WE LIVE IN an art-historical moment in which the canon has been deconstructed, destroyed, blown to bits; and yet, at the same time, the canon has been expanded to infinity, to include anything and everything, to let every comer in. Either way, the canon becomes a nonsense, its categories baseless, while the exercise of aesthetic judgment has been ruled a thing of the past and/or a matter of indefensible personal taste without any common cultural basis. These attitudes are found nowhere more so than in that beast called contemporary art, which has from the start taken canon-busting as one of its main briefs.
As if to perform this questioning of the canon, museums of modern and contemporary art keep reinstalling themselves. None does so more repeatedly and restlessly--or to more contentious response--than New York's Museum of Modern Art. But recently, two other museums devoted to modern and contemporary art on opposite sides of the Atlantic Ocean have offered new installations of their collections: the Whitney Museum of American Art in New York in its exhibition "Full House: Views of the Whitney's Collection at 75" (the Whitney opened in 1931) and, in London, Tate Modern's reinstallation, organized just six years after the museum's opening. With national collections of modern art and brilliant modern buildings to live up to, the museums structured their exhibitions in very similar manners. They expressly tried to cut across chronology and break with the movement categories inscribed in their collections, making several pasts resonate with several presents and vice versa. But for all they share, one installation is dead-on and the other is all off. One is a qualified success, and the other is a mess, albeit a thought-provoking one.
I confess: I didn't want to like the Whitney exhibition. The Whitney Biennials have gotten increasingly worse, spelling out the endgame that so much contemporary art has become. I didn't go to this year's Biennial (I was rather uselessly boycotting it), but all reviews suggest its utter bankruptcy of artistic discourse. However, I have to admit, "Full House"--organized by chief curator Donna De Salvo and a team of her colleagues--was compelling, complex, and thoughtful. It held together, showcasing the Whitney's New York-based modern and contemporary art, with both local and world-class significance. In "Full House" the modern and the contemporary addressed each other meaningfully. The Whitney divided its collection three ways, with a floor devoted to each section: "Content Is a Glimpse" (centered around an AbEx core); "The Pure Products of America Go Crazy" (centered on Pop); and "What You See Is What You See" (Minimalism). The top and bottom floors were consigned to single artists with important places in the museum's collection, Edward Hopper ("Holiday in Reality," the one section still on view now) and Alexander Calder ("I Think Best in Wire"), respectively. You could begin at the bottom with the Calder floor and toil up the Whitney's inversely stepped architecture, or you could begin, as I did, at the top with the Hopper floor and move down. Either direction worked across time and topic, and undercut linear chronology to a purpose. I started at the top, and my experience of "Full House" was thus inflected throughout by the Hopper floor. Intentionally or unintentionally, a dualist picture of American modern art emerged that had everything to do with a very American bifurcation that I felt within Hopper's work.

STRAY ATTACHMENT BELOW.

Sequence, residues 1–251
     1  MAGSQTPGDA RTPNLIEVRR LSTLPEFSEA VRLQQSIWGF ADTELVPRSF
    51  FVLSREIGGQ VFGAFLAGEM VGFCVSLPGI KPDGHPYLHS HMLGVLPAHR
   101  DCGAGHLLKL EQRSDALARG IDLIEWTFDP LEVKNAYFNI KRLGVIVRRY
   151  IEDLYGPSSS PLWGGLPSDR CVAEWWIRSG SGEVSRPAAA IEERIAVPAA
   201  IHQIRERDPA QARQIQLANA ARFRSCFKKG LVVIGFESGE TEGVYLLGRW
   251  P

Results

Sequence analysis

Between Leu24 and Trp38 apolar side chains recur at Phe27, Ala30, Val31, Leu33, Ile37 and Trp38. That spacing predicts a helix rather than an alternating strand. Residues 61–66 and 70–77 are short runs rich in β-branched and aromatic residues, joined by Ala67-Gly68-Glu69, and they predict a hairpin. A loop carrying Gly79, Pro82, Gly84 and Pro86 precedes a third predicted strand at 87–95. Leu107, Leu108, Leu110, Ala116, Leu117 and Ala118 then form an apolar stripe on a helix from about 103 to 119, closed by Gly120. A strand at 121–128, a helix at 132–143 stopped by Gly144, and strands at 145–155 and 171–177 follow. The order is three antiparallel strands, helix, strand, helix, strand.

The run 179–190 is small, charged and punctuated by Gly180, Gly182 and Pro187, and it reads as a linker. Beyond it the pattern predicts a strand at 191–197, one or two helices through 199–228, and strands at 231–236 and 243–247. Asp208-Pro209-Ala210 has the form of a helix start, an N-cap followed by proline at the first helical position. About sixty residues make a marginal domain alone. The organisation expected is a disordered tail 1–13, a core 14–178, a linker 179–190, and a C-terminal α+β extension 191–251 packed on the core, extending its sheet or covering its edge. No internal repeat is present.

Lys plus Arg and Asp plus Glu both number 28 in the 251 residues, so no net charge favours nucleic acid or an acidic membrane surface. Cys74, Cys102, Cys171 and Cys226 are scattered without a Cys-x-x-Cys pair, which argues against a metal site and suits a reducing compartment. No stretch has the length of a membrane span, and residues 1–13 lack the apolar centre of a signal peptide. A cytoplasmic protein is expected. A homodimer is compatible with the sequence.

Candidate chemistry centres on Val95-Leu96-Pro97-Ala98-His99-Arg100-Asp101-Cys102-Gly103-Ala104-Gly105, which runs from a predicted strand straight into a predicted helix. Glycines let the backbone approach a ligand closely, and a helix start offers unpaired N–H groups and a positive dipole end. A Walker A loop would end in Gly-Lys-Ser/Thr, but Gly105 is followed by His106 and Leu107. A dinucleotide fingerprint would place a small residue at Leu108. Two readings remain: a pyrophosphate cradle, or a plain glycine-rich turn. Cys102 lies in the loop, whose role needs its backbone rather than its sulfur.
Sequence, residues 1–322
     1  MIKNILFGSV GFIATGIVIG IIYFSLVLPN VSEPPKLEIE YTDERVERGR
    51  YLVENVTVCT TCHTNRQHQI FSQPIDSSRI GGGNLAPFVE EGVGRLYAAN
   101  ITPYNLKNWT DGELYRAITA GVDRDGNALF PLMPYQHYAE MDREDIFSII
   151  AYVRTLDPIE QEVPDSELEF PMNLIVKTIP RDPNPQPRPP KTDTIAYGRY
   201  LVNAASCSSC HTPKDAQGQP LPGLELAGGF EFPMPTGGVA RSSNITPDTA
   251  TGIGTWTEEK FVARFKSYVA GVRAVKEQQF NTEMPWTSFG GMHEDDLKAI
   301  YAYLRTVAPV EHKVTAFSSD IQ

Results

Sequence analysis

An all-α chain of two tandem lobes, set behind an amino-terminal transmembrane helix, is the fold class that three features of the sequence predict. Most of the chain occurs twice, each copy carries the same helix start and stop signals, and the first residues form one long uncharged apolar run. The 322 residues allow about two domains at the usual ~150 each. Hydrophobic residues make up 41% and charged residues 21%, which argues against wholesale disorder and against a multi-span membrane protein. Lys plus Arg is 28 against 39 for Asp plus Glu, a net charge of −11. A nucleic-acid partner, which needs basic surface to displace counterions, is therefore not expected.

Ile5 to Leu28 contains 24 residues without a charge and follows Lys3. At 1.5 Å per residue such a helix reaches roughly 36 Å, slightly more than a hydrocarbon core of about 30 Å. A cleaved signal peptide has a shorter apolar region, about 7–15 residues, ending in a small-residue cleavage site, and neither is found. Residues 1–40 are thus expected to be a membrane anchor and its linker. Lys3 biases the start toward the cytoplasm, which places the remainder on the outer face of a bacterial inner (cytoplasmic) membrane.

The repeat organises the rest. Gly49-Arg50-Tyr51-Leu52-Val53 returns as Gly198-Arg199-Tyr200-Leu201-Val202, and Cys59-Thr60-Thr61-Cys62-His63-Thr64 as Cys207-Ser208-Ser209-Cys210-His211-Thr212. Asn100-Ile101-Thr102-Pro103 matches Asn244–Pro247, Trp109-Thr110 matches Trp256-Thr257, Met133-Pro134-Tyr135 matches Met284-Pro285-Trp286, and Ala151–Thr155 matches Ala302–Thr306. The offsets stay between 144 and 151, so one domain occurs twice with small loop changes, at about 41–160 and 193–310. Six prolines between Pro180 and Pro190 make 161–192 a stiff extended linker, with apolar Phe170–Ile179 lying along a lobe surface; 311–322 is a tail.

The selection of works by Hopper included what for me was a surprise: the revelation of his earliest paintings, made in the first decade of the twentieth century in Paris--that modern-art mecca to which Americans, Britons, and European Continentals flocked and from which they exported various offshoot brands of its modernism. Here Hopper created his own version of the brightly lit, plein-air Impressionist landscape. The most stunning aspect of these works is the solid facticity of their paintedness, minus the familiar anecdotal attentions of the artist's later work. …